The American Modern Opera Company is the artistic home for some of the most diverse and vibrant singers, dancers, and instrumentalists of our generation. AMOC acts as the incubator and executor for our 17 core members’ most ambitious, innovative projects. Our commitment is to working as an ensemble to reimagine the experience of opera – from conception to performance.
In AMOC’s inaugural season, the company starts a new Run AMOC! Festival at the American Repertory Theater in Cambridge, MA in December, holds its first major teaching and performance residency at Harvard University in February, and is the Artist-in-Residence at the Park Avenue Armory in the spring. Future engagements include multiple performances at the Metropolitan Museum of Art and a commission, composed by Aucoin and staged by Winokur, from San Francisco’s Philharmonia Baroque Orchestra & Chorale, featuring AMOC’s vocal quartet.
FORGING A TRUE REPERTORY COMPANY: AMOC’s members are dedicated to building deep working relationships across years of collaboration in the pursuit of generating a body of new works. All of our artists drive the generation of projects and curation of collaborations within the company and beyond.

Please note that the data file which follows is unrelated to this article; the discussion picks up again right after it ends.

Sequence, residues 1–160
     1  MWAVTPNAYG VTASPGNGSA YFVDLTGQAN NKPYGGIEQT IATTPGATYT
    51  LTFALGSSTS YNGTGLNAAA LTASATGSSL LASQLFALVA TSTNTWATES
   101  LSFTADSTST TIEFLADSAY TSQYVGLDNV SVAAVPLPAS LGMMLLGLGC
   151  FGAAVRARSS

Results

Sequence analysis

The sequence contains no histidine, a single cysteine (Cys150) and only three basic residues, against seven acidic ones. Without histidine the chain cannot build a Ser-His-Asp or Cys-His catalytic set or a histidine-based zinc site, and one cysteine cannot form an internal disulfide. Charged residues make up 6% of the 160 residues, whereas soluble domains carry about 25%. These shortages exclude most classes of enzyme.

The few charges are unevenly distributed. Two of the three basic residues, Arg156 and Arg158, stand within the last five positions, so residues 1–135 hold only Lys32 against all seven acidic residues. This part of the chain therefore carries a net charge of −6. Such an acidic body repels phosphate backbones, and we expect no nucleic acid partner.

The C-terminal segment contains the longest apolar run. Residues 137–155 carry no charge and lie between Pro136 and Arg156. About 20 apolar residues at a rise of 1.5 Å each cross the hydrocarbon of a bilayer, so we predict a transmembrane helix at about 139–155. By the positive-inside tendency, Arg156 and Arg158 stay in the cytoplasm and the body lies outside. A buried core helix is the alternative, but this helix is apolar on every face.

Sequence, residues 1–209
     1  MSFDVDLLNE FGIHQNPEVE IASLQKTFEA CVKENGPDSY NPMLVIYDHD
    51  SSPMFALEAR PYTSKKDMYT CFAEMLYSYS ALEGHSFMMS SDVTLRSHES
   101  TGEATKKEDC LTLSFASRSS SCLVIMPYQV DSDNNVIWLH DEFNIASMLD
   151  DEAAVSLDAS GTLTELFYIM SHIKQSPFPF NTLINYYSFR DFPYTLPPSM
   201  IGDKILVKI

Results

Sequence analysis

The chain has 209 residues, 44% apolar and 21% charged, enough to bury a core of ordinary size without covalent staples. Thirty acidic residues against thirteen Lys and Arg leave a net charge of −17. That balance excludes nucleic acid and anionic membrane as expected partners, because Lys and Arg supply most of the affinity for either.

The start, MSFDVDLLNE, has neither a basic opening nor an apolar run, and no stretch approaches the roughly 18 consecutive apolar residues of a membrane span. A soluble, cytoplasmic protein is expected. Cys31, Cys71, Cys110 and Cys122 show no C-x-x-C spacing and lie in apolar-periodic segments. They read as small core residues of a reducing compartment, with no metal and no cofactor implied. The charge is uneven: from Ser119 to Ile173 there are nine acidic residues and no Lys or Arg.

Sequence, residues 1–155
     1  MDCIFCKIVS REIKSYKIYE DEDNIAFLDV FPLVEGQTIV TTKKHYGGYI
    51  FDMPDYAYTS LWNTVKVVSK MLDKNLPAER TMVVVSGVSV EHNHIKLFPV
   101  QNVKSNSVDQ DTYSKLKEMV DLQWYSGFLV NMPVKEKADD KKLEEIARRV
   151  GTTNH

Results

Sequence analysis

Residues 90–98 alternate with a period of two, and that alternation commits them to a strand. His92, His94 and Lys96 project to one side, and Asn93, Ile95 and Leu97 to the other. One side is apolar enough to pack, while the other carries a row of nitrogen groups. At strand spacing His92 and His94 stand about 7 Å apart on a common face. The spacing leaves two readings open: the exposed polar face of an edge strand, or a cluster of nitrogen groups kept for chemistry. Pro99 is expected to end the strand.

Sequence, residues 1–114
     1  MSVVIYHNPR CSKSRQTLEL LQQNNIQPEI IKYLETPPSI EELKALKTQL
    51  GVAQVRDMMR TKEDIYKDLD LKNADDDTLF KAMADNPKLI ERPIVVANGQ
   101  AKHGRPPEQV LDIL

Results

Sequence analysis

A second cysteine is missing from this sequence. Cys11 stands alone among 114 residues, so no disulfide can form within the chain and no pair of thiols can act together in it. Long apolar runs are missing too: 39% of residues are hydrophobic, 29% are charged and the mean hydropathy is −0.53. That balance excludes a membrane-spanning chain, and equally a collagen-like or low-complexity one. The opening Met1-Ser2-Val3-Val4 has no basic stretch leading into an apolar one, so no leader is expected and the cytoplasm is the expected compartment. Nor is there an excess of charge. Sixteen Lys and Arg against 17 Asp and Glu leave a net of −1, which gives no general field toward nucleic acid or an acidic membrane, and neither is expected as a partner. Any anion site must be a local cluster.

EXPANDING THE FIELD: We define opera as the medium in which multiple art forms collide and transform each other. AMOC projects take the form of collaborations between its core members and will range from recognizably “operatic” evening-length stage works, to chamber operas written for the company, to intimate duets between, for example, a dancer and an instrumentalist.
MAKING NEW WORK: One of AMOC’s central goals is to build our own repertory, our own body of discipline-colliding work. Taking the form of our “Run AMOC!” festivals at partner institutions as well as one-off performances, these new works will sometimes feature brand-new music – for example, the cantatas Matthew Aucoin will compose for AMOC’s singers and the Philharmonia Baroque Orchestra, with staging by Zack Winokur – and sometimes they will take pre-existing music into a brand-new context, as in Bobbi Jene Smith and Keir GoGwilt’s use of Bach and Westhoff in A Study on Effort.
"...the magical, emotionally cleansing, out-of-body soundscape we all found our way to in that practice room at the jam session, however long it lasted or whatever experimental jumble of notes it might have sounded like to someone else, was somehow, strangely, operatic."